Colleges Working Together To Form Nation’s First HBCU Debate League

Wiley College, home of ‘The Great Debaters,’ leading timely organizing efforts among HBCUs with help of Charles Koch Foundation grant.

MARSHALL, Texas and ARLINGTON, Va. — Wiley College, known for its famed Great Debaters program made famous in a Hollywood movie, is uniting the nation’s first forensics league among Historically Black Colleges and Universities.  The competitive forensics league, made possible by a grant from the Charles Koch Foundation, will officially kick off in January 2018, and interest to participate has been substantial, according to organizers.

Christopher Medina, the nation’s only Latino director of forensics, and head coach of the legendary Great Debaters team, says that the abilities gained through debate, such as critical thinking and empathy, are essential for young adults in enhancing their career readiness. These skills not only differentiate forensics students as future leaders, but also position them as civil discourse role models at a time when colleges and universities are facing increasing challenges to free speech rights on campus.

“Debate is probably the most powerful educational activity ever created, and this league will create opportunity for hundreds of students,” said Medina, who credits debate with saving his life.  “This activity is a profound pedagogy that provides students with skills and educational opportunities which can be used throughout a student’s life, regardless of their chosen career path.”

In the first few months since announcing the league’s formation, Medina has garnered interest from dozens of HBCUs, including Howard University, Tennessee State University, Delaware State University, Kentucky State, Talladega College, Texas Southern and numerous others.

According to Medina, students who participate not only hone their communication skills, but are also more engaged and motivated at school. Numerous members of the Wiley Speech and Debate Team were introduced to the activity in junior high school or high school, when their participation literally meant the difference between a bright future at college or life of crime, drugs, or other adversities.

“Competing at a collegiate level on the speech and debate circuit has grown me into a person who can fill a room and command it without worrying about the opinion of others around me,” said Louis Mendez, individual event captain of Wiley’s Great Debaters Team, and current sophomore at Wiley College. “This team has molded me into a leader.”

Within the past two years, 100 percent of Wiley College speech and debate graduates have received scholarships to graduate school. Since 2008, 90 percent of students have successfully landed scholarships. Alumni of the program have cultivated meaningful careers as teachers, actors, vice principals, community activists and more.

The ultimate goal of the league will be to promote peaceful and civil discourse, while also providing greater opportunity for participation in speech and debate by students of color, who make up less than 10 percent of forensic competitors according to a 2004 study by The Journal of the American Forensics Association.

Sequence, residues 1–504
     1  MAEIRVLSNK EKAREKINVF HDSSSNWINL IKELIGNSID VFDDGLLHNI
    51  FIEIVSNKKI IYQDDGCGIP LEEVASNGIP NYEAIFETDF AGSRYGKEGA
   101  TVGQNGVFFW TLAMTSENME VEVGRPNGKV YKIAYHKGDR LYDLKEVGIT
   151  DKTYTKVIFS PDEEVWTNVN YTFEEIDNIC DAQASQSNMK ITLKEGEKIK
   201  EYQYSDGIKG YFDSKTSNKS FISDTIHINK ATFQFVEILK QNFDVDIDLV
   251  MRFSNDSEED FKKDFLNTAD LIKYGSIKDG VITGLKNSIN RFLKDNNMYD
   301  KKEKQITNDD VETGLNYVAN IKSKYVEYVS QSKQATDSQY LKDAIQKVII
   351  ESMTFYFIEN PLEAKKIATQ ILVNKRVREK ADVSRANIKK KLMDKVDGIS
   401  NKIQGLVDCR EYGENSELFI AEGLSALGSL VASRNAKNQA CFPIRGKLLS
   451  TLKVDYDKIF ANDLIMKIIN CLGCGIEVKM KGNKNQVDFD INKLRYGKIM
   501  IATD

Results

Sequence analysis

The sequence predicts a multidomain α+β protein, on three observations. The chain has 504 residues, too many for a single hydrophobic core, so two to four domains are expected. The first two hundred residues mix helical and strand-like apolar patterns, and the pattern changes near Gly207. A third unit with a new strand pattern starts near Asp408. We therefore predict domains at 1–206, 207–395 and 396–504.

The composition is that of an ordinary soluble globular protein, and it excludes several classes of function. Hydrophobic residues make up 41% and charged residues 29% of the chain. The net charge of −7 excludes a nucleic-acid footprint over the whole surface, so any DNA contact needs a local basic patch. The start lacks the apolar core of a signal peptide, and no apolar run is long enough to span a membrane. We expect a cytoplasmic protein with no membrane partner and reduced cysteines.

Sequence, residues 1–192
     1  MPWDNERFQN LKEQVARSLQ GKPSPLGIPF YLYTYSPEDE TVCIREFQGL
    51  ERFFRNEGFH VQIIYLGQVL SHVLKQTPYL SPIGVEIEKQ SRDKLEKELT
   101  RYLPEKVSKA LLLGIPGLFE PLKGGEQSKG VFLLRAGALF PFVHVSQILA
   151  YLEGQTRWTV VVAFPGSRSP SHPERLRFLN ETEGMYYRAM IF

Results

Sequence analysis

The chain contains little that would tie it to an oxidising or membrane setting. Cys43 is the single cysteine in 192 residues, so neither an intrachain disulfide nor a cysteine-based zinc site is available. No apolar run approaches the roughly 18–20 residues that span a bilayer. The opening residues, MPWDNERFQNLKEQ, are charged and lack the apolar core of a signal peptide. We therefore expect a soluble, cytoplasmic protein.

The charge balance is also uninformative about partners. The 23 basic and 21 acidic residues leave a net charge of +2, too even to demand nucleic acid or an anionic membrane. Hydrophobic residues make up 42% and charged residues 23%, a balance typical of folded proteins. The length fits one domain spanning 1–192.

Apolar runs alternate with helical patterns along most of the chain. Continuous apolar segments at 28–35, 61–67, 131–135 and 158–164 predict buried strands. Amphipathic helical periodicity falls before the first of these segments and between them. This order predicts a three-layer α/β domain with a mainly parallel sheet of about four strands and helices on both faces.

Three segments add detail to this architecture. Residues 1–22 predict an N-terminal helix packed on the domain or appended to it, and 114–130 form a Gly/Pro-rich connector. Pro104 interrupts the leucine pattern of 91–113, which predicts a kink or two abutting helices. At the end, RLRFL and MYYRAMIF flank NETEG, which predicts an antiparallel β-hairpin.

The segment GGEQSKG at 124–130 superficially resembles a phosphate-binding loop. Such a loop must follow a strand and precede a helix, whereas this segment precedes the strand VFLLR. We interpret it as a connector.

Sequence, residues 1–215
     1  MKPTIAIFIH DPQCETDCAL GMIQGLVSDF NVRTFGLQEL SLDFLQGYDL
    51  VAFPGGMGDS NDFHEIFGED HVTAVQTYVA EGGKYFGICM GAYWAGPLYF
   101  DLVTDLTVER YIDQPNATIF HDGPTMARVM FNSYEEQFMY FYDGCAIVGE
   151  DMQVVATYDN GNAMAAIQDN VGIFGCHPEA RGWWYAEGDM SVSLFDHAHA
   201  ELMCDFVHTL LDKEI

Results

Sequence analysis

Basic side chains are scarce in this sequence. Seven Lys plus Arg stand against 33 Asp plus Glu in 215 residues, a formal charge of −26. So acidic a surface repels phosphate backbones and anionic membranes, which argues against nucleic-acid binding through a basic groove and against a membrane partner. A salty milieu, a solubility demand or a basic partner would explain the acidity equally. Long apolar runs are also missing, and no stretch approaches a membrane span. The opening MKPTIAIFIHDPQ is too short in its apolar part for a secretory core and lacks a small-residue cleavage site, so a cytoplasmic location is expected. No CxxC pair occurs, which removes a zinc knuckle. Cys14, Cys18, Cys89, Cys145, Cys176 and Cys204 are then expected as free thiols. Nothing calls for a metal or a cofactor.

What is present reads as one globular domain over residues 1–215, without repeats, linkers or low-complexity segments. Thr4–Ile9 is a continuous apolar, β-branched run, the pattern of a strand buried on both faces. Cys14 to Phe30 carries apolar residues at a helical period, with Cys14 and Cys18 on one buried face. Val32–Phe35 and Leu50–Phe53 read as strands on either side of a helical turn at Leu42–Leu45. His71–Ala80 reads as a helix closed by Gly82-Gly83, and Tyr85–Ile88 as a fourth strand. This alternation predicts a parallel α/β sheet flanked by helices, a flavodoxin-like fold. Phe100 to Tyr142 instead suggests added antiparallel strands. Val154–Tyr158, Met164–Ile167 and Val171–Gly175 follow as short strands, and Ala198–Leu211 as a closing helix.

“We are thrilled to support Wiley College’s effort to share its wonderful debate tradition with HBCUs throughout the country,” said John Hardin, Director of University Relations at the Charles Koch Foundation. “These debate programs are a model for the civil dialogue that is necessary for our society to grow and flourish.”

The Wiley Great Debaters 2.0 are also celebrating their 10th anniversary since being revived in 2007 by a $1 million grant from actor Denzel Washington. Washington played Professor and Debate Coach Melvin B. Tolson in a 2007 film about the original, legendary Wiley Debate team of 1935.

For more information on the Historically Black Colleges and Universities Speech and Debate League, or to inquire about enrolling your institution, please call (972) 439-5684 or send an e-mail to Medina at For more information about The Charles Koch Foundation, please visit

About Wiley College

Wiley College, founded in 1873 in Marshall, Texas, is a historically black, primarily liberal arts, residential, co-educational, baccalaureate degree-granting institution affiliated with The United Methodist Church.

About Charles Koch Foundation

More than 50 years ago, Charles G. Koch began supporting education in the belief that everyone has the ability to learn, contribute, and succeed if they have the freedom and opportunity to do so. The Charles Koch Foundation, founded in 1980, continues this work by funding research and education that helps people expand their horizons, develop their skills, and help others. Through grants to more than 300 colleges and universities nationwide and non-profit organizations, the foundation connects scholars, students, and partners with the resources to explore diverse ideas and solutions that meet the challenges of our day.

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